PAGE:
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Most contemporary sports scientists can testify that high intensity interval training is a proven and effective means of improving performance. But one of the major drawbacks with this type of training is that it can reduce immunity and increase the risk of upper respiratory tract infections. Given that amino acids and protein serve as important substrates for cells of the immune system, it makes sense that sports scientists would want to test the effect of increased protein intake on immune function. As such, a group of researchers from UK, USA, Germany and The Netherlands set out to determine whether dramatically increasing protein intake could prevent the drop in immune function following a week of high intensity training in high performance cyclists.

Researchers compared immune function after a week of normal training and a week of high intensity training. During the week of high intensity training, one group was randomly allocated to receive additional protein, while the other group consumed a diet that was equivalent in calories to the high protein group. More specifically, the high protein group consumed a diet providing 3.0g per kilogram bodyweight, which was double that of the control group (i.e. 1.5g/kg bodyweight). Importantly, the additional protein was provided in the form of 3 x 20g serves of a specialised casein protein hydrolysate called PeptoPro®.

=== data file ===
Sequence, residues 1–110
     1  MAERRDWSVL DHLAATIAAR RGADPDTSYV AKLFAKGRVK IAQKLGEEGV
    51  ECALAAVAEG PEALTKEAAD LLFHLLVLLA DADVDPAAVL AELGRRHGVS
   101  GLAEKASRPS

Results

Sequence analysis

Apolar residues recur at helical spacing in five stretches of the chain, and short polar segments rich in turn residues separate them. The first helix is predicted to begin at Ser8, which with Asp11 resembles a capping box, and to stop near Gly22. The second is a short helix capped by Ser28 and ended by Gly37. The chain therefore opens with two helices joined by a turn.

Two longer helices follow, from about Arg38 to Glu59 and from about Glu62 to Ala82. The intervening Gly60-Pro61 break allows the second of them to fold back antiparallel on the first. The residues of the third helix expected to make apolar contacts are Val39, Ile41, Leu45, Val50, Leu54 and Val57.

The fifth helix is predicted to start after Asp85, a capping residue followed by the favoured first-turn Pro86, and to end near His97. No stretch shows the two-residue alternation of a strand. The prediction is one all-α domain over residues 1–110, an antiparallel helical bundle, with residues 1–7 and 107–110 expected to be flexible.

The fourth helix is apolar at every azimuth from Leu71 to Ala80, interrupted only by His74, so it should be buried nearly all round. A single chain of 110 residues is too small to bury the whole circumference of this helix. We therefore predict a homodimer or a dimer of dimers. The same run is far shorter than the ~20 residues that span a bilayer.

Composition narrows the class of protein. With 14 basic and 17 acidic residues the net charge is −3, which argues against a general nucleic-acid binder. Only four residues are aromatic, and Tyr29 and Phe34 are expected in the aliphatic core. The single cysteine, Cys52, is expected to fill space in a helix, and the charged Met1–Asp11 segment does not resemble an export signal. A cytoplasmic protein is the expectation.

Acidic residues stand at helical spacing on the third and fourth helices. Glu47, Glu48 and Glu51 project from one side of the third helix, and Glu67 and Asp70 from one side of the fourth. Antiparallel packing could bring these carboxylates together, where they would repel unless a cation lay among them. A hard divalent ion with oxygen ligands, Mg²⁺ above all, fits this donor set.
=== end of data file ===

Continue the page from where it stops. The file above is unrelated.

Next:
What makes this study particularly interesting is that 3.0g/kg is a level of protein intake typically reserved for extreme bodybuilders or strength athletes. Most endurance athletes would consider such a protein intake too high or even toxic. But this landmark study suggests that during periods of high intensity training, a protein intake of 3.0g/kg can prevent the normal drop in immune function in elite endurance athletes normally associated with such training. The absence of infection is one of the most crucial factors in being able to maintain consistent training and improve performance.

One drawback about the study was that the authors did not discuss how the unique type of protein powder used may have affected the outcome. PeptoPro® is a very unique casein hydrolysate protein in terms of its composition. It is the only protein powder that claims to have a minimum 60% content of  di- and tri-peptides. As such, it contains one of, if not, -the highest level of di- and tri-peptides of any milk-based protein powder. This aspect of the protein powder was not discussed as a possible mediating factor in the study’s results. It remains to be seen whether the same results would be seen with a good quality whey protein hydrolysate protein powder, or even a blended whey protein for that matter.

 

Witard OC, et al. High dietary protein restores overreaching induced impairments in leukocyte trafficking and reduces the incidence of upper respiratory tract infection in elite cyclists. Brain, Behavior, and Immunity. 2014;39:211-219.

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